6 Quarterbacks Primed to Break Out
Most of the excitement around drafting quarterbacks is in the early rounds.
Based on ADP, six quarterbacks will be off the board by the end of the fifth round. By the end of the seventh round, 11 quarterbacks are likely to have been drafted. But we’re not drafting these guys based solely on their seasonal projections. We’re looking for that quarterback who can break into the top five or top 12.
I’ve said it before, and I’ll say it again. The last few seasons have spoiled fantasy managers looking for breakout candidates in the later rounds. Patrick Mahomes jumping from his QB15 ADP to the QB1 in 2018. Lamar Jackson and Dak Prescott, each touted as late-round values, finished as the QB1 and QB2, respectively. The fantasy point totals are what we remember. However, it’s their value that should be the focus.
Breakout performances are synonymous with league winners. They allow us to build not just an optimal roster, but a winning one. I’ve outlined the attributes that make up a breakout candidate and outlined a few to draft as we prepare for the 2020 season.
I think it’s important to define what ‘break out’ means. I could be wrong, but it sets up the rest of the article. For our purposes, breakout quarterbacks must outperform their positional ADP by five spots or more. It seems arbitrary, but it forces the long-term discussion. If a QB was a ‘one-hit-wonder’ or should be part of the QB1 discussion the next season. Since 2017, we’ve seen an average of four QBs a season break into the Top 12 ranks. Some we saw coming. Others came out of nowhere. But there are some qualities that lend themselves to hitting their ceiling projection.
High Neutral Passing Rate
Neutral passing rate is a window into how teams prefer to operate. Games get out of hand once there are points up on the board. We want teams playing from behind because it boosts passing volume. But neutral passing volume doesn’t need scoring to force our QB into action. Coaching or coordinator turnover may affect a team’s approach, but we can gauge a team’s intent from their past tendencies. Let’s take a quick look at last year’s teams that were above average in neutral passing rate.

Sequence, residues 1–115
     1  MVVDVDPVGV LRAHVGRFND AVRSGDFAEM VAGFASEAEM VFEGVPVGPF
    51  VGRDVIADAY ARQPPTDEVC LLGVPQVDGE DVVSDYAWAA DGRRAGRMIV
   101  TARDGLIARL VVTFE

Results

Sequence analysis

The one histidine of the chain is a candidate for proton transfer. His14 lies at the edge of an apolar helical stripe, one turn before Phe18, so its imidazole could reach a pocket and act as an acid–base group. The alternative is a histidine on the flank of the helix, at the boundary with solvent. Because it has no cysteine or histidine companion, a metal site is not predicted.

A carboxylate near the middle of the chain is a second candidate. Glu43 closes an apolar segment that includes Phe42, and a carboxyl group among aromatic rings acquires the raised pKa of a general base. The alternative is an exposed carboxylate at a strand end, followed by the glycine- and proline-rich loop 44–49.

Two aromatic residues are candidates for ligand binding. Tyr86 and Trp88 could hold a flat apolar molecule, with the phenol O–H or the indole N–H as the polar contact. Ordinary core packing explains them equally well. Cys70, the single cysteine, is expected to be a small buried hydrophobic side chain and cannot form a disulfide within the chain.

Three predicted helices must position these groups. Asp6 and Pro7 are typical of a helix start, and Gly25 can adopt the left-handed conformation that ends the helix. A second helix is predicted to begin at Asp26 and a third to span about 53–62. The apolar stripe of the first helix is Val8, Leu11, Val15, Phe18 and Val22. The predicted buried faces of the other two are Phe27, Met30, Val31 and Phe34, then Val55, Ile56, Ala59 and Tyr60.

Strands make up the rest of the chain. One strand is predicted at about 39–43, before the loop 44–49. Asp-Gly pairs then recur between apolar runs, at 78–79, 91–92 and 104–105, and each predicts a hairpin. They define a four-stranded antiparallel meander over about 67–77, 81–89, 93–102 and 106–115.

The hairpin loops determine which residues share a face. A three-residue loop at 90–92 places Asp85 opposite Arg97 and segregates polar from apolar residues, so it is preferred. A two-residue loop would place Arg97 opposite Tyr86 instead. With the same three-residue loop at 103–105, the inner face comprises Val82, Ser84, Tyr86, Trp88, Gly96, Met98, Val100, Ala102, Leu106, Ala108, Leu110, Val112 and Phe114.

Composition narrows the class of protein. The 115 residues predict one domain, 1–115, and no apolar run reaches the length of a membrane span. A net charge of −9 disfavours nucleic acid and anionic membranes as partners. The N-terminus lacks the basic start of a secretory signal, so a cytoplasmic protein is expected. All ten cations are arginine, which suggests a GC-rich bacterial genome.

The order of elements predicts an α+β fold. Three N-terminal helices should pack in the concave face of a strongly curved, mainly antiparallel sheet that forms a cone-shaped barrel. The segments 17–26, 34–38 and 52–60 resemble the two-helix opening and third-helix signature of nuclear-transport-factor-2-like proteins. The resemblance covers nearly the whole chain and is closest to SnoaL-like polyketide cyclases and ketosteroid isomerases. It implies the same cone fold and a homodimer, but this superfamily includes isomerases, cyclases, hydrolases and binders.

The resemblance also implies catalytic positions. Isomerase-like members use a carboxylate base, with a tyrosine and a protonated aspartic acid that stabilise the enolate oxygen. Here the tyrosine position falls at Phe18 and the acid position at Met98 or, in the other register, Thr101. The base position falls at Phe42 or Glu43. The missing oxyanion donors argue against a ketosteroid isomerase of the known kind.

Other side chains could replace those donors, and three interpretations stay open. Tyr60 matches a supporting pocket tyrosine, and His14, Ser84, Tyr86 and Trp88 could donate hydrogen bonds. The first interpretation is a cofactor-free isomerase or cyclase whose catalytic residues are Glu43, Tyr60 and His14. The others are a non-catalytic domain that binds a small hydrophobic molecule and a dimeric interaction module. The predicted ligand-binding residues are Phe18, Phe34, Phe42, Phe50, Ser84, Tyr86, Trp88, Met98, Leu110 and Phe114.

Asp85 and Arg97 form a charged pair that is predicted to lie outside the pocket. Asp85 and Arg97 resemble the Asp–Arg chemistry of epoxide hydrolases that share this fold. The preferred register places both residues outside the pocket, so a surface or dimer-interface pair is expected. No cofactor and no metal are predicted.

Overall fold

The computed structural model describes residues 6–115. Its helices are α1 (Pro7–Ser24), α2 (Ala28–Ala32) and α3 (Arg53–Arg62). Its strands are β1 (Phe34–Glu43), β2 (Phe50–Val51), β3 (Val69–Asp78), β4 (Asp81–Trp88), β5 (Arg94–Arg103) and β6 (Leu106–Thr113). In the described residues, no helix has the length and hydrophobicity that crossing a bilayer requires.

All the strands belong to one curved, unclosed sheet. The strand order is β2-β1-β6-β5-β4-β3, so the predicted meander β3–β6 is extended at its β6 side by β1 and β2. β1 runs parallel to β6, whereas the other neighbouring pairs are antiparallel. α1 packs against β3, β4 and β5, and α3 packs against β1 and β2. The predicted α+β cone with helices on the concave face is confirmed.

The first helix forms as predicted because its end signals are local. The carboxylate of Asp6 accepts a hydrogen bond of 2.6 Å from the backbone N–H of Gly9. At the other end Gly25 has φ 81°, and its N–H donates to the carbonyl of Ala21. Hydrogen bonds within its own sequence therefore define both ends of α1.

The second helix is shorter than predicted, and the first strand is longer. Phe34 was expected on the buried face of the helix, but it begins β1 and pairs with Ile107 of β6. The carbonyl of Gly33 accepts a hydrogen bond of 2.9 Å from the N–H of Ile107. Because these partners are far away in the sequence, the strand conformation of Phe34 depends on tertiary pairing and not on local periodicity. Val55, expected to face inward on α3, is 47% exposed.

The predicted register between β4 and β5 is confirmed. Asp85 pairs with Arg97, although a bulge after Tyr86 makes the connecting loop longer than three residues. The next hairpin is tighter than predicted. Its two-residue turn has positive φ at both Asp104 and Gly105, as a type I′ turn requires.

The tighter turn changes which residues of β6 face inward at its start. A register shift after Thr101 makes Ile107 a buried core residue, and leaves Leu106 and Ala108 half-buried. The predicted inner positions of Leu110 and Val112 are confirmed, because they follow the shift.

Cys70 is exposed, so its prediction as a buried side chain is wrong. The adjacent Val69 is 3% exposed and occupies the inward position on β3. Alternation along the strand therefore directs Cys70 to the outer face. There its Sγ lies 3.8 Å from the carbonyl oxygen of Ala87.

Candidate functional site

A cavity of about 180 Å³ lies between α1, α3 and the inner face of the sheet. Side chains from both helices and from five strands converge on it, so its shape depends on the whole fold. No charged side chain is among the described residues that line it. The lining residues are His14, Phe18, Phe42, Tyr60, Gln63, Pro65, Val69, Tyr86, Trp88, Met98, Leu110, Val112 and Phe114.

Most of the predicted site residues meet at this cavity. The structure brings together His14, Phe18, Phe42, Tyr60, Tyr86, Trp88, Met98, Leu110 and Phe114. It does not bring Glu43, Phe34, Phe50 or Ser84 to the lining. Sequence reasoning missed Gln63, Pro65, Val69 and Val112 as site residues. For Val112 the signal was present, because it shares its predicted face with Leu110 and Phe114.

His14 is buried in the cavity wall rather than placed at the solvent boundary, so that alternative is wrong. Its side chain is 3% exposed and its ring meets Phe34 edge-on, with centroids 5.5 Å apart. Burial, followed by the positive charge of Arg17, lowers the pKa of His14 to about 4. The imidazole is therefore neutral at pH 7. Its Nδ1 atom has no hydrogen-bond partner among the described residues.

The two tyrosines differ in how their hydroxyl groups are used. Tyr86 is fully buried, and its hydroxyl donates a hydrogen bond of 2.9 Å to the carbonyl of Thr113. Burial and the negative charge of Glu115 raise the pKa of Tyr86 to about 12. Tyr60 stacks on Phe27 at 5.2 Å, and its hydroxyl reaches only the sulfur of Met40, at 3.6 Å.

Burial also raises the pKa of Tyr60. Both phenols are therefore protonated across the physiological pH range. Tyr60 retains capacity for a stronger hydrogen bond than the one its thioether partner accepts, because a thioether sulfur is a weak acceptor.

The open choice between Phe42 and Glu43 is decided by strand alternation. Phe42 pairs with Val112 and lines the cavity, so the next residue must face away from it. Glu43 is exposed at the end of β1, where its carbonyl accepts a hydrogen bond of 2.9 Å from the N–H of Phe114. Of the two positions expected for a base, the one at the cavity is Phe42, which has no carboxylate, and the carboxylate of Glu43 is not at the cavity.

|Team||Pass % (Neutral Game Script)|
Eight out of the 12 QBs from 2019’s top 12 are from teams on this list. Neutral passing rate is also a legitimate proxy to how teams operate in the red zone. The NFL coaching carousel has already changed our outlook on a few teams, but natural passing volume is vital to QB success.
Positive Touchdown Regression
Total touchdowns are typically the focus, but touchdown rate more accurately describes a QB’s season. We thrive on passing volume, but also need the passing scores to secure a QB1 week or season. Outlier touchdown efficiency is difficult to replicate. Analysts have continually stated over the offseason that Lamar Jackson can’t repeat his 9.0% TD rate from 2019. Or, Ryan Tannehill’s 7.7% TD rate is suspect. While that may be true, the pendulum swings both ways.
|Season||Average TD Rate|
The average TD rate for passers with more than 200 attempts in a season has been 4.6% over the past five seasons. QBs significantly higher are expected to fall back towards the mean. Similarly, QBs well below the average are expected to come up. Viewing TD rate through this lens helps us find players with depressed values. For example, look at Jared Goff.
Goff’s TD rate has been 5.9% and 5.7% with Sean McVay. It plummeted to 3.5% in what was a disaster of a season. If his TD rate falls in line with the league average, his touchdowns increase from 22 to 29. His fantasy point total goes up from 263.5 to 291.5. His final positional rank slides from QB13 to QB9. Goff’s passing attempts actually went up from the previous season and his passing totals were within 50 yards. The only difference, the main difference, was touchdowns.
The Konami Code
It’s no secret. We need production on the ground to get into the top 12. Lamar Jackson broke whatever preconceived notions we have about rushing QBs, but there are other options. We just need to look for a floor.
|Player||Rush Attempts||Red Zone Att Rank|
Even if you take away Jackson’s 176 attempts, you’re left with an average floor of 73.3 attempts. Scrambles, designed runs, QB draws…it doesn’t matter. Or, it matters less. Josh Allen scrambled on 42.2% of his attempts. Most others were under 40%. We really need those red zone carries in which six of the eight on the list were in the Top 10. Rushing yards are great but rushing scores will ensure a QB1 performance.
Negative Game Scripts
The combination of poor defense and a good opposing offense is the perfect storm for a fantasy QB. Passing rates contextualized by games script from 2019 gives us insight.
|Negative (Down 8+)||Neutral||Positive (Up 8+)|
Defensive strength is difficult to predict. We can monitor offseason investments, but cohesiveness and injuries will change everything. However, metrics like aFPA allow us to gauge units we can target early while we learn more about each defense and their strengths. Regardless, QBs attached to poor defenses will always have a natural boost to their passing volume due to the negative game scripts they’ll face.
Referring to our Top-8 list from 2019, five of the eight quarterbacks were attached to defenses in the bottom half of the aFPA ranks. If we’re looking for volume, we’ll find it here.
With the process laid out, it’s time for practical application. I’ve found a few who fit the mold for 2020 using our definition of breakouts and associated metrics. To be fair, the list leans towards the young bucks. That’s not to say Aaron Rodgers or Ben Roethlisberger can’t get back into the QB1 conversation. But if we’re looking for the next top QB for 2021, I’m betting on the next class of passers.
Joe Burrow, Bengals
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